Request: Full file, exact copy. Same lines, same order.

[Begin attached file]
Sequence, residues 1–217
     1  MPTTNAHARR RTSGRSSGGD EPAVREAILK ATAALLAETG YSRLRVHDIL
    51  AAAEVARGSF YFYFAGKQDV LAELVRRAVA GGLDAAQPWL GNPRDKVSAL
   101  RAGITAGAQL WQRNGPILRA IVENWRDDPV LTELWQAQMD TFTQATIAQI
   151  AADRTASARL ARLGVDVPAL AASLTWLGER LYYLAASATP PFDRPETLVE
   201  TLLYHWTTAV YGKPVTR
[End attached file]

Sequence, residues 1–217
     1  MPTTNAHARR RTSGRSSGGD EPAVREAILK ATAALLAETG YSRLRVHDIL
    51  AAAEVARGSF YFYFAGKQDV LAELVRRAVA GGLDAAQPWL GNPRDKVSAL
   101  RAGITAGAQL WQRNGPILRA IVENWRDDPV LTELWQAQMD TFTQATIAQI
   151  AADRTASARL ARLGVDVPAL AASLTWLGER LYYLAASATP PFDRPETLVE
   201  TLLYHWTTAV YGKPVTR